Stamenkovic, I., Sgroi, D., Aruffo, A., Sy, M.S. & Anderson, T. The B lymphocyte adhesion molecule CD22 interacts with leukocyte common antigen CD45RO on T cells and 2,6 sialyltransferase, CD75, on B cells. Cell 66, 1133−1144
Department of Pathology, Massachusetts General Hospital, Charlestown. Cell
(Impact Factor: 32.24).
10/1991; 66(6):1133-44. DOI: 10.1016/0092-8674(91)90036-X
Functional maturation of B lymphocytes correlates with expression of the B lineage-specific cell surface glycoprotein CD22. Two CD22 polypeptides have been characterized and suggested to play a role in B cell-B cell interaction as well as in B cell adhesion to monocytes. In this work we provide evidence that CD22 is directly involved in the cognate interaction between B and T cells. One of the two CD22 polypeptides, CD22 beta, interacts with a specific ligand on a subpopulation of CD4+ T cells. Our results suggest that the T cell ligand of CD22 is CD45RO, an isoform of the leukocyte common antigen class of phosphotyrosine phosphatases associated with the helper T cell phenotype. We further demonstrate that CD22 recognizes a second ligand, CD75, expressed predominantly on activated B cells and shown to be a cell surface alpha 2-6 sialyltransferase.
Available from: PubMed Central
- "CD22 is closely related to leukocyte and B lymphocyte and the immune cells are assumed to be strongly associated with the ovulation processes. CD22 was expressed in B-lineage acute leukemia (Toba et al., 2003) and as a B lymphocyte adhesion molecule, CD22 was found to interact with leukocyte common antigen CD45RO on T cells (Stamenkovic et al., 1991). In rabbits, T lymphocytes dramatically increased in the uterus after ovulation, and both before and after ovulation, the cells were observed frequently in mucosa of the oviduct, cervix, and vagina (Gu et al., 2005). "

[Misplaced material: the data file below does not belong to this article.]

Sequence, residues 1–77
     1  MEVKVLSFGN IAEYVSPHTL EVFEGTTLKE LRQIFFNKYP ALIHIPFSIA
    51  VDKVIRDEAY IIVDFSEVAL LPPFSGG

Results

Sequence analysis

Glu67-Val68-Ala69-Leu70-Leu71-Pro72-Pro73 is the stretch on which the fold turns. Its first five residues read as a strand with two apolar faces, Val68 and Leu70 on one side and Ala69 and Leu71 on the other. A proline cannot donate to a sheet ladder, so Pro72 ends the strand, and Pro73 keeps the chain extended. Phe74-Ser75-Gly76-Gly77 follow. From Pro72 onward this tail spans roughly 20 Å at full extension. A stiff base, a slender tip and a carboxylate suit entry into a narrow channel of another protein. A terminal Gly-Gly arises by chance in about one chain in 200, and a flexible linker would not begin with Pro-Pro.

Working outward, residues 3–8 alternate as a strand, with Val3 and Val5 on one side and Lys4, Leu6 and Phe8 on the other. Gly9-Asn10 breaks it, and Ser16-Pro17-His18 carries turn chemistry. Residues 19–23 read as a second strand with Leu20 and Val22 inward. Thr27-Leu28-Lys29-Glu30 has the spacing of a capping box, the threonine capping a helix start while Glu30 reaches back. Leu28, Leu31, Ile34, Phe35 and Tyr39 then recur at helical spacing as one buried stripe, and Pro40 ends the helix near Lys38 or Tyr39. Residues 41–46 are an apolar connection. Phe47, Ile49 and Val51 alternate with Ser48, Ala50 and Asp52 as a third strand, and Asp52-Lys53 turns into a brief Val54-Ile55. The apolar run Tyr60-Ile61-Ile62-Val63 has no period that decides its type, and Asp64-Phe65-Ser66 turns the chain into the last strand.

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ABSTRACT: One of the most important traits for both animal science and livestock production is the number of offspring for a species. This study was performed to identify differentially evolved genes and their distinct functions that influence the number of offspring at birth by comparative analysis of eight monotocous mammals and seven polytocous mammals in a number of scopes: specific amino acid substitution with site-wise adaptive evolution, gene expansion and specific orthologous group. The mutually exclusive amino acid substitution among the 16 mammalian species identified five candidate genes. These genes were both directly and indirectly related to ovulation. Furthermore, in monotocous mammals, the EPH gene family was found to have undergone expansion. Previously, the EPHA4 gene was found to positively affect litter size in pigs and supports the possibility of the EPH gene playing a role in determining the number of offspring per birth. The identified genes in this study offer a basis from which the differences between monotocous and polytocous species can be studied. Furthermore, these genes may harbor some clues to the underlying mechanism, which determines litter size and may prove useful for livestock breeding strategies.